Most people do one of two things with fear. Some freeze. Others run. Few push through and find their dreams.
There are two types of fear. The first type should stop you in your tracks. Adrenaline surges as you round the corner on a trail to hear the roar of an angry mother bear. This type of fear will save your life.
The second type of fear is the nameless dread. It’s the fear that haunts you in the middle of the night. Rather than roar, this fear whispers, “You better not go there.” It brings a thousand “what ifs” to the conversation. What would normally be thoughtful analysis becomes laced with dark emotions. This type of fear will destroy your dreams.
Jason Van Camp echos this sentiment in his book, Deliberate Discomfort: “Fear kills more dreams than failure ever will.”
All too often, the nameless fears stop us in our tracks. What if we used these fears as a sign that we need to push forward?
The reality is that most of the good things in life are found on the other side of fear.
In his book, Surf the Woods, adventurer and entrepreneur, Hold Condren recommends that we accelerate towards fear. He recommends, “Whenever you are confused about where you should go next in pursuit of your dreams, prioritize paradoxically and take your direction from fear.” He advises that we see fear as guideposts for the life of faith God has for us.
Holt created the Dreamer’s Creed:
I’ll go where I’m scared to go,
I’ll face what I’m scared to face,
I’ll say what I’m scared to say.
To live the dreams God has for me.
What are you afraid of? What are the nameless, faceless fears that hold you back? Could you be open to the possibility that fear is something we should run toward?
How To Run Toward Fear
How can we run toward fear? Here are a few thoughts:
1. Have Faith
“Now faith is the assurance of things hoped for, the conviction of things not seen.” (Hebrews 11:1) Look back over history at the people who accomplished big things and they all have one thing in common. They had faith that the things they hoped for, while still yet unseen, would come to pass. They combined their vision of a better future with belief. How are you cultivating faith?
2. Prepare What You Can Control
The Boy Scout motto applies here: “Be prepared.” Too often we try before we train. As a result, we give up too soon and validate the voice of fear. Instead, what could it look like to train? As I write this article, I’m 75 days away from a challenging trek to Mount Everest Base Camp. From my research, I have learned that this is no cakewalk. Not every person makes it to the end of this trek. It has put inside me a healthy fear. This fear motivates me to train. I’m digging deep with the level of exercise that my coaches have told me will ensure I am prepared.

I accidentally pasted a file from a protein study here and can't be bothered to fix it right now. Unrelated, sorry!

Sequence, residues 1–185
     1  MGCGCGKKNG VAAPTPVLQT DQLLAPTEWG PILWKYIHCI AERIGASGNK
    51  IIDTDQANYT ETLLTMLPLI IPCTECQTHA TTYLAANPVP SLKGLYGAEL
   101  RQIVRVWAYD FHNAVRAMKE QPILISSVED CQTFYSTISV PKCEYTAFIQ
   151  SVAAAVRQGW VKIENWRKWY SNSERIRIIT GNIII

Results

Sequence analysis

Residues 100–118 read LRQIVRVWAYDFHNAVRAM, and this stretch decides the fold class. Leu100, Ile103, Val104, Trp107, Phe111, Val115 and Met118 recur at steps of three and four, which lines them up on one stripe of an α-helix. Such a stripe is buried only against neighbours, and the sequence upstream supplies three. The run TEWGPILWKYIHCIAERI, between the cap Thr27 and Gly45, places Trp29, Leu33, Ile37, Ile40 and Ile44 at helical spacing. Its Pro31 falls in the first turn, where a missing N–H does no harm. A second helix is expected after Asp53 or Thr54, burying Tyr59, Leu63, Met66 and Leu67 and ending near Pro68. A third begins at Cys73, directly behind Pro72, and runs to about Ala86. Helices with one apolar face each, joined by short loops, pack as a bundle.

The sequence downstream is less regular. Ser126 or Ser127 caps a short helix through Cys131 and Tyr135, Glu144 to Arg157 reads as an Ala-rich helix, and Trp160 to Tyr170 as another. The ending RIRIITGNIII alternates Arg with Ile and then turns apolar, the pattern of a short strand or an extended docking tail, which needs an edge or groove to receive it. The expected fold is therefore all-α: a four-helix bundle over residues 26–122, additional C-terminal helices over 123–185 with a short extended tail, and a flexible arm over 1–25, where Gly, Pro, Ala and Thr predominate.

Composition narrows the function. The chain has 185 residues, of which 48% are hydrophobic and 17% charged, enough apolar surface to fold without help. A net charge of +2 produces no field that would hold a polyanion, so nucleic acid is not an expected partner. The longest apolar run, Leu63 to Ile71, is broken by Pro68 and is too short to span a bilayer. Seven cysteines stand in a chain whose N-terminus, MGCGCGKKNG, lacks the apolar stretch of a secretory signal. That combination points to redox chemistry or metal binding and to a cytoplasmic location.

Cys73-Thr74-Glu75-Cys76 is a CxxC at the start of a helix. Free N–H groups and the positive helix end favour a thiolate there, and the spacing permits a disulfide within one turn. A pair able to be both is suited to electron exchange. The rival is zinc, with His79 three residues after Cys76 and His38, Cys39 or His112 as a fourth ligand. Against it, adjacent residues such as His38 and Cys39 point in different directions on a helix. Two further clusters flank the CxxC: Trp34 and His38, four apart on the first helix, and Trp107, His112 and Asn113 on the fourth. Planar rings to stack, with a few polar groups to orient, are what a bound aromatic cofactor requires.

3. Get a Coach
Look to those who have pressed past fear to achieve what you want to achieve. There is a tendency to think that these high achievers didn’t have fear. Once you get to know them, you will usually discover they faced fear as great or greater than the fear you face. These coaches let you know it can be possible. They also can guide you in how to prepare. Some of my coaches are live people with who I can talk with. Many of my coaches are authors who have recorded their stories and lessons. Both are helpful.
4. Relax Your Grip on What You Can’t Control
The band 38 Special gave some great advice: “Hold on loosely.” This wisdom echo’s the ancient King David’s sage advice in Psalm 46:10: “Cease striving and know that I am God.” My friend Pablo Giacopelli, author of the aptly titled book, Holding on Loosely, opened my eyes to the rich meaning of the Hebrew words of that Psalm that can be translated as “Hold on loosely.” Pablo saw this principle in action and he played and coached world-class tennis players. Hold the racquet and the score of the game too tight and you can’t play. The key to winning is to hold on loosely, relaxing as you play in the moment.
5. Experience the Power of Love
What is the opposite of fear? The apostle John believes that “Perfect love casts out fear.” (1 John 4:18) I believe that love is the most powerful motivator on earth. To activate love against fear, connect with people and purpose. Do you love the people you are serving? Do you love your cause? Are you tackling this project alone or could you work together in a relationship with people you love? Do you have a community of like-hearted people surrounding you? How can you put yourself in a place to receive love? Where is fear holding you back? What if you could see fear as a green light rather than a red light? What if you could see fear as an invitation rather than a roadblock? Instead of being paralyzed, what could it look like if you had faith, leveraged that faith to get prepared, got a coach, and experienced the power of love? Imagine what could be possible.